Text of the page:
• Indicated: Hemodynamically stable with systolic Blood Pressure >100 mmHg, less than 48 hrs onset, Normal Serum Potassium and Serum Magnesium
      • Ottawa protocol Method: Procainamide 1 g IV over 60 minutes. Monitor with frequent Blood Pressures, and hold Procainamide if systolic Blood Pressure <100 mmHg. Monitor telemetry for Arrhythmia, QTc Prolongation, QRS Widening and for successful cardioversion.

Anticoagulation Therapy

  • ACCP Recommendations
    • In patients with AF, including those with paroxysmal AF, with only one of the risk factors listed immediately above, we recommend long-term antithrombotic therapy (Grade 1A), either as anticoagulation with an oral VKA, such as warfarin (Grade 1A), or as aspirin, at a dose of 75-325 mg/d (Grade 1B)[6]
    • In patients with AF, including those with paroxysmal AF, who have two or more of the risk factors we recommend long-term anticoagulation with an oral VKA (Grade 1A).[6]
  • CCS Recommendations
    • Oral anticoagulants are recommended for all AF patients aged 65 or older or who have any one of the traditional CHADS2 risk factors of stroke, hypertension, heart failure, or diabetes (remember as CHADS-65). Otherwise, patients with a history of coronary artery disease or arterial vascular disease should be prescribed ASA. CCS recommends that the first choice for oral anticoagulation should be the novel direct-acting oral anticoagulants (i.e. NOACs, for non-valvular AF). The big paradigm change is that ED physicians should prescribe OACs to at-risk AF patients before they leave the ED.[7]

CHADS2-VAsc Score

Risk Factor Points
hypertension 1
DM 1
Previous stroke/TIA 2
Vascular disease (e.g. IHD, PVD) 1
Female sex 1
≥ 75 years old 2
65 to 74 years old 1
  • Score 0: consider no treatment or ASA
  • Score 1: consider warfarin or ASA
  • Score 2-6: consider warfarin (INR goal = 2-3)
  • All patients with significant valvular disease should be on anticoagulation


Used to assess 1 yr risk of bleeding on OAC medications

Risk Factor Point
Hypertension 1
Abnormal renal and/or hepatic function 1 point each
Stroke 1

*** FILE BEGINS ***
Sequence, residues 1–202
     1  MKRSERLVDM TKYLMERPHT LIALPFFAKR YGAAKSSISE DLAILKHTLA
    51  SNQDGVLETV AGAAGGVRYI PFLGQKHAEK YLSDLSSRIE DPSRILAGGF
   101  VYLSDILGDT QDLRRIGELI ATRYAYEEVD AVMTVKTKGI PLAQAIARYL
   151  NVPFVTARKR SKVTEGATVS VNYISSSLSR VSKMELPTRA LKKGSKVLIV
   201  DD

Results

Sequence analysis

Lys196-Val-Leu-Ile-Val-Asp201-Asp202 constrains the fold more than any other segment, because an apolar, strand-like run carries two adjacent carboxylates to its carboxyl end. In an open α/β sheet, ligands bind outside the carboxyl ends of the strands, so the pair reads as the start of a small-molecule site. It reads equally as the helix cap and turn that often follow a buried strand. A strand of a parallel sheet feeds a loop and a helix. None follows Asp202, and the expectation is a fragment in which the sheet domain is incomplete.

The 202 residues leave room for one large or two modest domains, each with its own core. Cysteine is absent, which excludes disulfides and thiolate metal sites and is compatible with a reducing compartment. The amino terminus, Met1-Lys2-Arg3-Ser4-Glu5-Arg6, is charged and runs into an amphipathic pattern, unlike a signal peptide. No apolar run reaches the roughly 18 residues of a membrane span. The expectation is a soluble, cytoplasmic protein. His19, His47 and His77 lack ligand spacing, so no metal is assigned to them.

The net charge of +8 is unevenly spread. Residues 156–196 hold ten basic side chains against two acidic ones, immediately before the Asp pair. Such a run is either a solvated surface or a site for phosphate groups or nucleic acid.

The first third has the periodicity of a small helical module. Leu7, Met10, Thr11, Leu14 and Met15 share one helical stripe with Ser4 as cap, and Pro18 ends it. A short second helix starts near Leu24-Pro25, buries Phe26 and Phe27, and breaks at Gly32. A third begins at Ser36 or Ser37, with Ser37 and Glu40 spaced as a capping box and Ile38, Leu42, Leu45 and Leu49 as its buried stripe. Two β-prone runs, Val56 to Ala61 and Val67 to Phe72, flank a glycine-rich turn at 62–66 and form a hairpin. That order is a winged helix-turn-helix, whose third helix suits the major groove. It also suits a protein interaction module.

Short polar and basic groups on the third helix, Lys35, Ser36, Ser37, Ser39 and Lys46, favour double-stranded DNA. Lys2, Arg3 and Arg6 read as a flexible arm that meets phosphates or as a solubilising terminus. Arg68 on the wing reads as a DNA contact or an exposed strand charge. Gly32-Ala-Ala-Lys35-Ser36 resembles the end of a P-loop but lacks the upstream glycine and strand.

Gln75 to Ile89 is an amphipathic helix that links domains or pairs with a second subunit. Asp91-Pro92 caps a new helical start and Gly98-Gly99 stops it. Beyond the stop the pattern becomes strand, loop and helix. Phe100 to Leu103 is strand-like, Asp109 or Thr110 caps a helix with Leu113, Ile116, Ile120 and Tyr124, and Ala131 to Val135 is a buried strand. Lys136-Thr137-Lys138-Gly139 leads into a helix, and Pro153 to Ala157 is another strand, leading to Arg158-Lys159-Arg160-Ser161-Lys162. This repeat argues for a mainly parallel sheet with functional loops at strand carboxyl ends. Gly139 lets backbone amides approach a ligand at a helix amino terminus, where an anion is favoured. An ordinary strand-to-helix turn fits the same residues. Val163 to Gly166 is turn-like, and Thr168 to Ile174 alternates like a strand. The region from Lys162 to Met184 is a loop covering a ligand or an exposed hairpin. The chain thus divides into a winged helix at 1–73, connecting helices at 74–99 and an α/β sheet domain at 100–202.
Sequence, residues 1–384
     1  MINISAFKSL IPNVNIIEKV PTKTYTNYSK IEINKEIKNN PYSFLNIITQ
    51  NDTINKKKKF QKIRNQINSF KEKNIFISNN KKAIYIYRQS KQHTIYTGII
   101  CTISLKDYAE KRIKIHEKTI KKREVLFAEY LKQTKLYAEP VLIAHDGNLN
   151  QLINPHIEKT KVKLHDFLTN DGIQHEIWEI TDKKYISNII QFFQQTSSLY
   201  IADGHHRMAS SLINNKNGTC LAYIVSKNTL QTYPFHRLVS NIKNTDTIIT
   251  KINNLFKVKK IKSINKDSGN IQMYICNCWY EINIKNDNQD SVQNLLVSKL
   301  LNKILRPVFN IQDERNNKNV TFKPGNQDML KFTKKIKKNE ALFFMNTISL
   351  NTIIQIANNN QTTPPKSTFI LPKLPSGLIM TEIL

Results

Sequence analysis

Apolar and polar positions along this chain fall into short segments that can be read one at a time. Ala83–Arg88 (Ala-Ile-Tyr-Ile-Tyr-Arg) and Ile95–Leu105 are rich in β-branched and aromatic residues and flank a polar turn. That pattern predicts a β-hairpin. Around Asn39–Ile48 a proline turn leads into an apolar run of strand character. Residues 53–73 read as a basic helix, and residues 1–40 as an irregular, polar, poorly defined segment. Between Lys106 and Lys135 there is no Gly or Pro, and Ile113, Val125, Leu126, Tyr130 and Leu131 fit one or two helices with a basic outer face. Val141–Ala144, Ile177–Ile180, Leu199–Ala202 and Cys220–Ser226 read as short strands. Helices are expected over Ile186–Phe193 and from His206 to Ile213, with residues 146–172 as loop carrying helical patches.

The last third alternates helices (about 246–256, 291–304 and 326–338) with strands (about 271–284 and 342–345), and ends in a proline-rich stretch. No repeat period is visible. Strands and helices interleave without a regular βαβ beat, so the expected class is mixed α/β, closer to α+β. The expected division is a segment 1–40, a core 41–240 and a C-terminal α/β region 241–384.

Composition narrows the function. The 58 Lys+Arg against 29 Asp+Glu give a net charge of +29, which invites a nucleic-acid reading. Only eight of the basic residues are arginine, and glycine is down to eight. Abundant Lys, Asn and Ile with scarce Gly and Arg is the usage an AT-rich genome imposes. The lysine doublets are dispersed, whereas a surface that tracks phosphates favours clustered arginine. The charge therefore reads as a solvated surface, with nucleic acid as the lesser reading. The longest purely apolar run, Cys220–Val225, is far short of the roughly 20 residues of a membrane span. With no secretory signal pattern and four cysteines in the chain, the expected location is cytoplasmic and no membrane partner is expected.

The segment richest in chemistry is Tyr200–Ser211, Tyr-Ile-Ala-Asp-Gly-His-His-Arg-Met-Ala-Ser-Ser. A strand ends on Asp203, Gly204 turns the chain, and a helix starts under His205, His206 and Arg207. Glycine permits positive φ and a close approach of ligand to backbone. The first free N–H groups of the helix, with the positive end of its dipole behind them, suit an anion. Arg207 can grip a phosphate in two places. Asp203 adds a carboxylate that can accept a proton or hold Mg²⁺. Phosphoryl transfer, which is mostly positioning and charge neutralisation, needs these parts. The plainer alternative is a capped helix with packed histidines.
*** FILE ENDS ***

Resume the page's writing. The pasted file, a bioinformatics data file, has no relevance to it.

Bleeding tendency/predisposition 1
Labile INR on warfarin 1
Elderly (age >65 years) 1
Drugs (aspirin or NSAIDs) and/or alcohol 1 point each
  • Score 1: 1.0 bleeds per 100 patient-years
  • Score 2: 1.9 bleeds per 100 patient-years
  • Score 3: 3.7 bleeds per 100 patient-years
  • Score 4: 8.7 bleeds per 100 patient-years
  • Score 5-9: Insufficient Data


Similar outcomes for Canadian vs. American strategies, despite lower admission rates in Canada[9]


  • "Limit hospital admission to highly symptomatic patients in whom adequate rate control cannot be achieved"[10]


Indications for hospitalization:

  • Patient with acute heart failure or hypotension after rhythm or rate control
  • AF secondary to hypertension, infection, COPD exacerbation, PE, ACS/MI
  • Age > 60 (high risk of thromboembolism, more likely to have comorbidities)
  • Initiation of heparin or other anticoagulant
  • If considering ablation of accessory pathway in patient with AF
  • Symptomatic recurrence in the ED
  • Hemodynamic instability

Indications for discharge (low-risk patients): Discharge with urgent cardiology follow up

  • <60 years old
  • No significant comorbid disease
  • No clinical suspicion for PE or MI
  • Conversion in ED or rate control


  • Hemodynamic compromise
    • A-fib lowers CO by 20-30%
    • Impaired coronary blood flow
  • Arrhythmogenesis
  • Arterial thromboembolism

See Also


  1. 2014 AHA/ACC/HRS Guideline for the Management of Patients With Atrial Fibrillation: Executive Summary. J Am Coll Cardiol. 2014;64(21):2246-2280. doi:10.1016/j.jacc.2014.03.021
  2. 2014 AHA/ACC/HRS Guideline for the Management of Patients With Atrial Fibrillation: Executive Summary. J Am Coll Cardiol. 2014;64(21):2246-2280. doi:10.1016/j.jacc.2014.03.021
  3. EBQ:Ottawa Aggressive ED Cardioversion Protocol
  4. Atrial Fibrillation: Would You Prefer a Pill or 150 Joules? Ann Emerg Med. 2015;66:655-657.
  5. EBQ:48hr Cardioversion for Afib]]
  6. 6.0 6.1 Singer DE et al. Antithrombotic therapy in atrial fibrillation: American College of Chest Physicians Evidence-Based Clinical Practice Guidelines (8th Edition).Chest. 2008 Jun;133(6 Suppl):546S-592S
  7. Verma A, et al. 2014 Focused Update of the Canadian Cardiovascular Society Guidelines for the Management of Atrial Fibrillation Canadian Journal of Cardiology 30 (2014) 1114e1130
  8. Pisters R, Lane DA, Nieuwlaat R, et al. A novel user-friendly score (HAS-BLED) to assess 1-year risk of major bleeding in patients with atrial fibrillation: the Euro Heart Survey. Chest 2010; 138:1093.
  9. Rising KL. Home is Where the Heart Is. Annals of Emergency Medicine. 2013;62(6):578-579
  10. Stiell, et al. Atrial Fibrilation Guidelines. Canadian Cardiovascular Society Atrial Fibrillation Guidelines 2010: management of recent-onset atrial fibrilation and flutter in the emergency department. Can J Cardiolol. 2011;27:38-46